Meeting the changing needs of citizens through continued disruption will mean states and localities must embrace modern technology and adapting civil service rules to accommodate remote and digital talent.
Before the COVID-19 crisis forced businesses of all stripes to accelerate their digital agenda, the public sector was already behind the innovation curve. The needs of citizens, communities, and employees are in constant flux, as digital technology transforms in real time the way citizens access information, connect with each other, and live their lives. COVID-19 has put the public sector’s laggard status into sharper relief, underscoring the urgency for government agencies to modernize operations to work smarter, recruit and retain better talent and respond faster to an ever-changing and often unpredictable world.
Especially in this moment, all eyes have been fixed on government with hopes it can move quickly to solve these problems at scale and under increasing pressure. What would have been an unprecedented challenge in the best-case scenario has been made even more difficult to manage, hampered by the public sector’s reputation for outdated technology systems, slow processes, and rigid hierarchical structures. And with a workplace environment that lags far behind private firms in terms of innovation and collaboration, concerns persist about the sector’s ability to attract and retain the right talent in order to rise to the challenge.
However, there have been glimmers of hope in this regard, as the sector has shown some uncharacteristic agility in responding to the issue. For instance, the use of the Emergency Use Authorization by the U.S. Food and Drug Administration has accelerated approvals of tests and drugs. Swift development and implementation allowed $2 trillion of relief spending to get out the door in a matter of weeks.
But the crisis has revealed just how much the public sector is lagging behind with technology and its impact on business continuity, specifically how quickly it can transition to a remote work culture. Its famously outdated working environments make it difficult for the public-sector workforce to adapt quickly to changing circumstances. Furthermore, the lack of continuity and alignment to goals, and collaboration across departments and regions, make things even more difficult to manage when working remotely. Mastering this model and fully operationalizing a next-gen workforce in a post-COVID work environment is the new standard, and the public sector will need to leverage the momentum they’ve created and carry the lessons learned forward.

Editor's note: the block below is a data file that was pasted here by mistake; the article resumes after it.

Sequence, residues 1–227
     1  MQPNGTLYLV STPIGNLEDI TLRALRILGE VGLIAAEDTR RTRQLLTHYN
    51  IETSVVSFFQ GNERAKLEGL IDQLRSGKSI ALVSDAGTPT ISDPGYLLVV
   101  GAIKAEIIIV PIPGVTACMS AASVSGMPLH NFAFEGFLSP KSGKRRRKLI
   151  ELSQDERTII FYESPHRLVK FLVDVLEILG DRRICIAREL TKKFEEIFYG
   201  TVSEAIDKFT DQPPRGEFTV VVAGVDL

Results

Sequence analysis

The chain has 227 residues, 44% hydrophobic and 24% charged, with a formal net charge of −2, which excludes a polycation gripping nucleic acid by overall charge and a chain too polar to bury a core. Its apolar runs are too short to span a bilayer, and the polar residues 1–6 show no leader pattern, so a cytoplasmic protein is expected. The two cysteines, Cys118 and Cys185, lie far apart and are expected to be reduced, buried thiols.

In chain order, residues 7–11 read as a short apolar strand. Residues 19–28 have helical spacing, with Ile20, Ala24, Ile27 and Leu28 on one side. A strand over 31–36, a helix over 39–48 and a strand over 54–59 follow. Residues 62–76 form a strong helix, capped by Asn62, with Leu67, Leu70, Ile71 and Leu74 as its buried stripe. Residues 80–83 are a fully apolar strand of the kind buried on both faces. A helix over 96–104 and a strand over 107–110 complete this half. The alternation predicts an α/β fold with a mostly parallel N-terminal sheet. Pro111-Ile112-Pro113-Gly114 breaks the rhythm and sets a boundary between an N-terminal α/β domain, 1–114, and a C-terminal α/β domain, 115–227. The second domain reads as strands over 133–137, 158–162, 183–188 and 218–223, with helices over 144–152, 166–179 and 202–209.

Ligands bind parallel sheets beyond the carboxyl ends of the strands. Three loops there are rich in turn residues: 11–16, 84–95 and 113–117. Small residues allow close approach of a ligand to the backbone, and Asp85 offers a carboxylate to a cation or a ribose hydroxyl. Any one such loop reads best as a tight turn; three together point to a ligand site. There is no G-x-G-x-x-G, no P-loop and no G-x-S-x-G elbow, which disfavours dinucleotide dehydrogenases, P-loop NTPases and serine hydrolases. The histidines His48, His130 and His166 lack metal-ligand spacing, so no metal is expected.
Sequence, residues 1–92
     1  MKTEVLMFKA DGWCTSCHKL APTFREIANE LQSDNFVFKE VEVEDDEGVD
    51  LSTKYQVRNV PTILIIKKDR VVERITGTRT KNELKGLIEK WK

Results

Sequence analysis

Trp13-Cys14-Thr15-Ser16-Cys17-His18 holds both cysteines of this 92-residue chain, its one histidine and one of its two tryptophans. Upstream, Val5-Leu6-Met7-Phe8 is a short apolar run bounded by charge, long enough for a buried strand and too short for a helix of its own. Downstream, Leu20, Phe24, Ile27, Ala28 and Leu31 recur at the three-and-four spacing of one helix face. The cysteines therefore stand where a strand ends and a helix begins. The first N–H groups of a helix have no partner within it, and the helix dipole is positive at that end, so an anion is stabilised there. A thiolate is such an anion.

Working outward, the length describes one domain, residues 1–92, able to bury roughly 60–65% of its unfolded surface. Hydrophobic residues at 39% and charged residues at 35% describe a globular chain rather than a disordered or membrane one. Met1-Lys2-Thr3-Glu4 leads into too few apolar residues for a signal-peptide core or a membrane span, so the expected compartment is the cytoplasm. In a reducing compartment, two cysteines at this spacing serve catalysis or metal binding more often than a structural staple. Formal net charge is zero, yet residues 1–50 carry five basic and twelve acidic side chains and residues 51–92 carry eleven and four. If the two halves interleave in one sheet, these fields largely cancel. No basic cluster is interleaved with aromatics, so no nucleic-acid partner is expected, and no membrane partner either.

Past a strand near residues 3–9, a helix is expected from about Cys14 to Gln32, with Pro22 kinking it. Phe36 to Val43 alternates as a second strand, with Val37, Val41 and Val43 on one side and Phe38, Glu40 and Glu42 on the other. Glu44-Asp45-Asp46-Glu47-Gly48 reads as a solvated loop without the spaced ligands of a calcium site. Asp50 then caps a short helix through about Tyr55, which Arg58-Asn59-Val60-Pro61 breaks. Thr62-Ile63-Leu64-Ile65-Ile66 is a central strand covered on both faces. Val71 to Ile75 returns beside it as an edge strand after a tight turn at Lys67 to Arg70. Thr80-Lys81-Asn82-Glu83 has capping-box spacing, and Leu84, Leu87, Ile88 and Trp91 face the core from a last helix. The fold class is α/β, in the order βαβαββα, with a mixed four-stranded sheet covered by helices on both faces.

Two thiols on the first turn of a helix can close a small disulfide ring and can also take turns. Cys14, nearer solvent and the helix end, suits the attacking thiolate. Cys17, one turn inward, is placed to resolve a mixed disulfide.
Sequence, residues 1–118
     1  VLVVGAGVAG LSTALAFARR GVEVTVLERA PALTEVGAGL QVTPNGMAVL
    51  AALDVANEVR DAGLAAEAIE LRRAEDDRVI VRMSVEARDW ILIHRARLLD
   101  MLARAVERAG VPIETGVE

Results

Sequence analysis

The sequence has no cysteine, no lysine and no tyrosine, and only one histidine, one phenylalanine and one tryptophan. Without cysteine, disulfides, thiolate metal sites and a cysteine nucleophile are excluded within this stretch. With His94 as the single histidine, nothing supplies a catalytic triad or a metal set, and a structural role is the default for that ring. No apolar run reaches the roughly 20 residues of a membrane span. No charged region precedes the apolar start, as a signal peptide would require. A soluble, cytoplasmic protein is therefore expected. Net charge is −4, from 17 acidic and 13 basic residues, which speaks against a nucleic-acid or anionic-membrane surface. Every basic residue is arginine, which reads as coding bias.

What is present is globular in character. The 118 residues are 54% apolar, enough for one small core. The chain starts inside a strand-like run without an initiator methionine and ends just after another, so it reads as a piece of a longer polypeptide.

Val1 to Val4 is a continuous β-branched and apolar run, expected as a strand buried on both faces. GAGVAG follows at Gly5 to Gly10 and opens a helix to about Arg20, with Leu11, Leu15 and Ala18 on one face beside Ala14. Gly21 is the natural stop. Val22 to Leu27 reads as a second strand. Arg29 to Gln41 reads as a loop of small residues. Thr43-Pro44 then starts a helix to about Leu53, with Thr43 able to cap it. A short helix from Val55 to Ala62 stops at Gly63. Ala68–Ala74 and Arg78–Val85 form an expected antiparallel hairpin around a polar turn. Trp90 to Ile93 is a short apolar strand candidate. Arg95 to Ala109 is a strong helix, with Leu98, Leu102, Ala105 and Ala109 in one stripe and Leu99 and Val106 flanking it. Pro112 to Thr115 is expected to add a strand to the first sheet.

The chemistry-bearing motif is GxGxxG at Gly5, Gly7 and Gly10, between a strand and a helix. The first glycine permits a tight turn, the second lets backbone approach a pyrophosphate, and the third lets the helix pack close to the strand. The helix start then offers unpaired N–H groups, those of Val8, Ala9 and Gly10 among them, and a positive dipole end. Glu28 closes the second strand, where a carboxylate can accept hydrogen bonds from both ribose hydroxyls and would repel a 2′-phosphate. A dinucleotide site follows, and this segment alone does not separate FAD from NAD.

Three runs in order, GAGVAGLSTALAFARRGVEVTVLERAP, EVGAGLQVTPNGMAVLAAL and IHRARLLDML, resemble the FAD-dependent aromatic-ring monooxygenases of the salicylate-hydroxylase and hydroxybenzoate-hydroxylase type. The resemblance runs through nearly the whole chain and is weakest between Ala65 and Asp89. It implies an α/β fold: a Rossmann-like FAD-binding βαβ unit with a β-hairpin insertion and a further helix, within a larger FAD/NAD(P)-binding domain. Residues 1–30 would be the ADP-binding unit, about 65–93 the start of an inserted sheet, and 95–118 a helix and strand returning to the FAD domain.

Long-term success for the public sector will depend on how it modernizes technology and culture in order to attract, retain and empower a new generation of talent, but also to adapt to the workplace of the future and the changing needs of society. And it’s going to take an entirely new approach to recruiting, including overhauling HR processes to reach younger talent, as well as revisiting systems and technology to create a more tech-driven environment. A few examples of what’s needed include:
Furthermore, building a next-gen workforce within the public sector will mean changing government civil service rules to make them more flexible to hire or contract with the digital or remote talent. Only 43 percent of federal employees were eligible to work from home in fiscal 2017, a data point that looms larger in the time of lockdowns and remote work. This challenge is twofold:
I have spent most of my career in the public sector and believe this pandemic has underscored the criticality of public-sector services in the eyes of all citizens. After all, it is the public sector who has kept our nation working during this unprecedented time. However, more disruption awaits on the horizon, and uncertainty has become our new normal. As such, the importance of modernizing the public sector to enable faster crisis response delivered by the best talent available — whether in an office or from their homes — has never been more apparent.
Gianluca Cairo is the vice president and principal of Public Sector Advisory for Ceridian — a global human capital management software company.